A safety campaign to reduce the number of ground handling incidents involving ULDs was launched, to minimise flight safety risk and reduce the number of incidents of aircraft and container damage from mishandling. The campaign will be rolled out across the industry throughout 2016 in parallel with the ULD Regulations (ULDR), a single set of regulatory requirements and industry standards applicable to overall ULD operations.
Simplifying the business
Continued innovation in the passenger side of commercial aviation has simplified processes and given the customer much greater control and self-service over their journey. Use of new technology, enhanced use of data and digital information sharing, and streamlined regulatory processes have improved the passenger experience and cut costs for airlines. Similar breakthrough innovations are urgently required in the air cargo business to give greater customer value and increased efficiency and IATA has committed to working with the industry to apply our ‘simplifying the business’ expertise to assist the industry.
Amsterdam Pharma Gateway
An agreement for a new CEIV Pharma community at Amsterdam Schiphol airport was signed between IATA and nearly a dozen airport community partners. The CEIV Pharma covers all air cargo processes, and provides a uniform global set of standards for safe and reliable pharmaceutical transport.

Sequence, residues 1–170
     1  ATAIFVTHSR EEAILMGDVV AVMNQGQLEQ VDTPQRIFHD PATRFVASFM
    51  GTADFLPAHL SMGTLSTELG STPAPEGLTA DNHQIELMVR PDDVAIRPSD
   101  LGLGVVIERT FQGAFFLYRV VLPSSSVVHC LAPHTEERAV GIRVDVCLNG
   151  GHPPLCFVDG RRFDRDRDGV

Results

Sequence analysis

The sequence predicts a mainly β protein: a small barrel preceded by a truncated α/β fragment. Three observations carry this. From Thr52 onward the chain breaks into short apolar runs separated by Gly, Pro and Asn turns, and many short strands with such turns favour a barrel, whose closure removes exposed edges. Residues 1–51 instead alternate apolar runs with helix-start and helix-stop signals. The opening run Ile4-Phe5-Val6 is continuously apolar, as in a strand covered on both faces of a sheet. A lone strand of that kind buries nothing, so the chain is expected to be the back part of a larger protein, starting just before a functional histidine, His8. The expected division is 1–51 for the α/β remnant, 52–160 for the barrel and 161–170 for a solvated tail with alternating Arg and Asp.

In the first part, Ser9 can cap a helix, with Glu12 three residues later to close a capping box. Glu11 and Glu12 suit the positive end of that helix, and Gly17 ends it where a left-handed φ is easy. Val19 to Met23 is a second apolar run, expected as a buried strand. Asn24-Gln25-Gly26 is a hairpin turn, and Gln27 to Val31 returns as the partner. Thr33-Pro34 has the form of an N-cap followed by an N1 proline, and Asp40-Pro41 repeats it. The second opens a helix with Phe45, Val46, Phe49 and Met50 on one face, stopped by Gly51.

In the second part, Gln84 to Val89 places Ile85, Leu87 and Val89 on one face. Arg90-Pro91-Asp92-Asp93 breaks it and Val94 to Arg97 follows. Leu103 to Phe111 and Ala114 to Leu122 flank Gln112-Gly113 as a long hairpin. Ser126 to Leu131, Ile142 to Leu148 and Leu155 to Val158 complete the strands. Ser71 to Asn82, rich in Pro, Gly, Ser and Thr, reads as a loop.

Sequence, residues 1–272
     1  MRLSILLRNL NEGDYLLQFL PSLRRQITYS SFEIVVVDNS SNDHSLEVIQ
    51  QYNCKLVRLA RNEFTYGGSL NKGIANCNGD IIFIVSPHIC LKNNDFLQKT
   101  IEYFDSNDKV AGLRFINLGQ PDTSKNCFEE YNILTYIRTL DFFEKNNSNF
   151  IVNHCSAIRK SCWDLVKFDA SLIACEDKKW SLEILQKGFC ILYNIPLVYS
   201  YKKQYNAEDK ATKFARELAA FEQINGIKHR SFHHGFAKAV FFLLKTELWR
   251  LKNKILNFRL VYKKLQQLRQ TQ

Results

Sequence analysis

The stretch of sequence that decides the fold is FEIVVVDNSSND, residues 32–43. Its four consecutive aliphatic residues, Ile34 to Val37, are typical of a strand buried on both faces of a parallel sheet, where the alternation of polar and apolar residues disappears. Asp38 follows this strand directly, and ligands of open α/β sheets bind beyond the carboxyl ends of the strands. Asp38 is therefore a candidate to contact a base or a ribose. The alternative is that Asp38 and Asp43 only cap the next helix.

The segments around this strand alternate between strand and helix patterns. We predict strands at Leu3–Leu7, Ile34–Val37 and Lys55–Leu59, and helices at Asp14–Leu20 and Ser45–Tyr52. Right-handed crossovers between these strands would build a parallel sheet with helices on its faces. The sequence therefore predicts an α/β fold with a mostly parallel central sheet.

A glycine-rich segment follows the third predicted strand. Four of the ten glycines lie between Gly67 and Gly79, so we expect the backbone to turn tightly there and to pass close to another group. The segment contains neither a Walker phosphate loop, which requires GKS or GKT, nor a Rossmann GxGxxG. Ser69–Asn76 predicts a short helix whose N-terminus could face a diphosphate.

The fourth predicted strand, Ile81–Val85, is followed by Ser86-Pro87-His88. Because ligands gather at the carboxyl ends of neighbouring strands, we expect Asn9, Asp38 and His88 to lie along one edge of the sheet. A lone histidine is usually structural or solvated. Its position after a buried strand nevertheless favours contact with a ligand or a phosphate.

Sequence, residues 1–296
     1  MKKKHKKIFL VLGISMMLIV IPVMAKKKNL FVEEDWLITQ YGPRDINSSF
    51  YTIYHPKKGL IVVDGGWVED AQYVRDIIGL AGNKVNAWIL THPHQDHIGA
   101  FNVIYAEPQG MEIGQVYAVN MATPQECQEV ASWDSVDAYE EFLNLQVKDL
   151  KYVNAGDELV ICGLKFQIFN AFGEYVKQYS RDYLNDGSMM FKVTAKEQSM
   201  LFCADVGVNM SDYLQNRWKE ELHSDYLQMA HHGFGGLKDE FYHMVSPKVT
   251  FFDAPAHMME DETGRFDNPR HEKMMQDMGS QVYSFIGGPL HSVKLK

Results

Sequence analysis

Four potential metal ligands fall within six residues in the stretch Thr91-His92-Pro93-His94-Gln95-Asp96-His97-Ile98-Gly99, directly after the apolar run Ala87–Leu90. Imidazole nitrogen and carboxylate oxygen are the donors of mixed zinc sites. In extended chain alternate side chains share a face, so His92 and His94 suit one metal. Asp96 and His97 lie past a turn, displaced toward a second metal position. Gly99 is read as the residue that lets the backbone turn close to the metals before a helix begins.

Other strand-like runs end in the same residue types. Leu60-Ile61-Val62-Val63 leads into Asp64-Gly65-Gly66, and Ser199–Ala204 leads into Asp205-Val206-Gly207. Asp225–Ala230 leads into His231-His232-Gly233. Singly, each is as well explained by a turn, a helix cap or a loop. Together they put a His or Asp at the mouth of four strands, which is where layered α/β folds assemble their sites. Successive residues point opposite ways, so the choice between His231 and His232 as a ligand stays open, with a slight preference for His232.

Cargo 2000 rebirth
The nearly 20-year old Cargo 2000 quality initiative with the mission of creating and implementing quality standards for the worldwide air cargo industry was officially given a breath of life and and a new brand. Now known as Cargo iQ, the rebrand is part of a much larger change programme which has seen the 82-member IATA specialist interest group embark on a Smart Data Project, as well as a new audit and certification scheme.
Cargo Innovation Awards
The Air Cargo Innovation Awards initiative which seeks to drive greater innovation by encouraging entrepreneurial ideas for the air cargo industry returns for its second installment. After the first round of the cargo innovation awards in 2015, the second round was launched in Berlin with winners to be chosen at the next WCS in 2017.
The awards are judged on three main categories:
* Be an enabler for the Industry, leading to increased competitiveness of Air Cargo compared with other modes of transport and/or enable commodities that were not possible to carry in a safe and cost efficient way in the past
* Increase quality and/or decrease cost of operations
* Develop technologies that optimise revenue and/or capacity utilisation and/or shorten the lead time and/or enhance service availability
The Symposium concluded with the announcement that the 11th WCS will be held in Abu Dhabi, 14-16 March 2017, sponsored by Etihad Airways.